It would depend on how loose or tight the chain is.
While attempting to measure and figure out whether or not I need to adjust the chain I noticed that there are several notches/detente in between numbers on the snail adjusters. How does one know how many notches are needed to properly adjust a chain? Thank you for the help.
Just make sure it's not any more than 2 and 37 thousandths of an inch.
Actually a 6 cm limit is good enough resolution, don't think Yamaha engineers were thinking of 61mm or 60.1 mm as being the precise limits of unacceptability. Unit conversion can be fraught with significant digit mis-representation.
Thank goodness the US Congress passed the Metric Conversion Act in 1976 creating the US Metric Board and their never ending annual budgets as they continue their never ending struggle to implement the mandated unit change on a resisting public. Too bad "Resist" is so popular with Metric as well as other trends.
Last edited by Fred; 01-12-2019 at 07:21 PM.
2003 TW200 "Betty Boop"
2006 TW200 "Nibbler", a.k.a. “Mr.Gizmo"
Hidden Content All Things Considered I’ld Rather Be Motorcycling
A chain adjustment should not be a dealer job. There are even you tube videos on it that are TW specific. There is a teenage kid who does a great job and has fun while doing it. How much adjustment...enough to get the right slack. If you have stretched chain or neglected the adjustment, the chain will need more adjustment. Look at the amount of sag...that lets you know your chain needs adjusting. Just keep the marks on the snail even. Then people say that the factory chains are junk and the sprockets don't last. Every act of neglect leads to a more expensive part getting prematurely worn. These are TW's for crying out loud. Put down the purse and pick up some tools. You can't break one of these. My mechanical skills are a hate crime in some jurisdictions. I can't remember if there is a pin to pull (most times it is a crown nut with a pin), Crack nut loose, bang with a rubber mallet if you can't pull by hand, leave around two inches or so of play, and tighten her up. The you tube video even has the slack spec and the torque spec. Tools-ratchet, bit, rubber hammer, needle nose (I think), tape measure, and torque wrench if you really want to show you care. Otherwise torque it mentally to tight, but not too tight. The owner's manual has the specs. A bike jack is about thirty dollars on Amazon and it does make the job easier. (replace the cotter pin).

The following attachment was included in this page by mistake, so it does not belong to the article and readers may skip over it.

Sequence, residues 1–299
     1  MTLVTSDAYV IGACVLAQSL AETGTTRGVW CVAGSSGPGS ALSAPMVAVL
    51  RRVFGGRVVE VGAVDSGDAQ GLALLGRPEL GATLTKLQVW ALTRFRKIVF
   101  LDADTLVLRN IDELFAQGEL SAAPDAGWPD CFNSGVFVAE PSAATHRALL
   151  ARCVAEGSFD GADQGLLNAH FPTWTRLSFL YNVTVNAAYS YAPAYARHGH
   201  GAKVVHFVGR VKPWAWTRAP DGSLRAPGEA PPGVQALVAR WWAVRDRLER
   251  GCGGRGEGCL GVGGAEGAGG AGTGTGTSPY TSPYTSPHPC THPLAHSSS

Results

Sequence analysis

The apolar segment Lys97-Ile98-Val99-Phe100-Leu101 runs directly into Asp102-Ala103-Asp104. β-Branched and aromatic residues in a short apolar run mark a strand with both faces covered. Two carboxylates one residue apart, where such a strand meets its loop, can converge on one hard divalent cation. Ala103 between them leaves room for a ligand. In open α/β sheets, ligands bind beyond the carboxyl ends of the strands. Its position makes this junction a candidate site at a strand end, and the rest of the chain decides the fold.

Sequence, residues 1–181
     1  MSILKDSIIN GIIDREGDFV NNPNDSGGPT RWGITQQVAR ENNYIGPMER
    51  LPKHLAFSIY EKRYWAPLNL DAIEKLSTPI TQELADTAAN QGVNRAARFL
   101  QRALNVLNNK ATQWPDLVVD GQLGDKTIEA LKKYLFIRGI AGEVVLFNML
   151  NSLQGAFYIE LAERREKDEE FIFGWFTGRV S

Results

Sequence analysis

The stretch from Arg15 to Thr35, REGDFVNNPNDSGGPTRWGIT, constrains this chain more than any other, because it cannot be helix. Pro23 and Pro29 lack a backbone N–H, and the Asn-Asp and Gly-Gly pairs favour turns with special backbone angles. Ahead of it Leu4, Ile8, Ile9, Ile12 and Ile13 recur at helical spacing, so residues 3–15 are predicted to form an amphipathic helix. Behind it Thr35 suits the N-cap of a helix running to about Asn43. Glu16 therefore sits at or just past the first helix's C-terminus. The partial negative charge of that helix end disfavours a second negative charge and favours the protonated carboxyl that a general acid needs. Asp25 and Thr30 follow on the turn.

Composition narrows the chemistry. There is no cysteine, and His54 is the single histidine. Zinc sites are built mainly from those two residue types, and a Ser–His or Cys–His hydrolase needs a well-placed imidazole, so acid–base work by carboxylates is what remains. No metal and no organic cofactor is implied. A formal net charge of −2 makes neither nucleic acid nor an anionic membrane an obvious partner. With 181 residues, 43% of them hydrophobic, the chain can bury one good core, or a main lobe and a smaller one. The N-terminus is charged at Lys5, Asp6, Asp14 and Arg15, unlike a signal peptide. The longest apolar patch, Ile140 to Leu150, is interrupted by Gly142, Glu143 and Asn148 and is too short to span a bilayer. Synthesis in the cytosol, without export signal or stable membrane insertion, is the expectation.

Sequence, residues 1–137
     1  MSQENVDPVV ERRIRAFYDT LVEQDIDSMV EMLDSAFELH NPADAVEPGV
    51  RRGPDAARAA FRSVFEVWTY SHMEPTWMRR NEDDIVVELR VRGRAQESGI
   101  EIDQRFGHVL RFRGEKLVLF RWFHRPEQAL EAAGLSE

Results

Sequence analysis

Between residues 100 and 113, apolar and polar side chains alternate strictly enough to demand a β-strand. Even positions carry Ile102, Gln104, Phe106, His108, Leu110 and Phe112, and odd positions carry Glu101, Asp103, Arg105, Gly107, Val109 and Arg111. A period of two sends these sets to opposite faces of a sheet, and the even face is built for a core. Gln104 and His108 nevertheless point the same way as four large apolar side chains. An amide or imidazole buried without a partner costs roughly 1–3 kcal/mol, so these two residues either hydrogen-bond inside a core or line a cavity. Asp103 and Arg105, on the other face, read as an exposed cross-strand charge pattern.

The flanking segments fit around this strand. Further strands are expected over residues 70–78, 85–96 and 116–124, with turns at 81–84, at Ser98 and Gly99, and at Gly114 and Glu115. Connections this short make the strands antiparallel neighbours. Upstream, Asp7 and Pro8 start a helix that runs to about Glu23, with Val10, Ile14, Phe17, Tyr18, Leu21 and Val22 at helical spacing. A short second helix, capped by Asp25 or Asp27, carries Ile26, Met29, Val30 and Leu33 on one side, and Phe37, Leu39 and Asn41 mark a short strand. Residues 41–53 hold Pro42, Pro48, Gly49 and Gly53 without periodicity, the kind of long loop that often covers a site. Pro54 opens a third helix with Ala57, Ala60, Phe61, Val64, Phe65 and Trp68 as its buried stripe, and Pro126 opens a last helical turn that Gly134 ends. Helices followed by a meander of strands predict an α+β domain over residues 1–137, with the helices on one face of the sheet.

Last edited by Michael Bryce Winnick; 01-13-2019 at 03:58 PM.
Wait... my book says 1.2 -1.6 inches.
Edit: i watched tdub kids video and I see there is a discrepancy between manuals.
Mine was about 2" and 1 notch put it right at the minimum. Guess it'll be awhile before I need to do it again lol.
Last edited by TW Newb; 01-13-2019 at 12:45 PM.
Doesn't matter...just get out those tools and tear into the bike. Embrace every opportunity to take this thing apart just to see how it goes back together. You will not hurt anything. Most of all, enjoy yourself.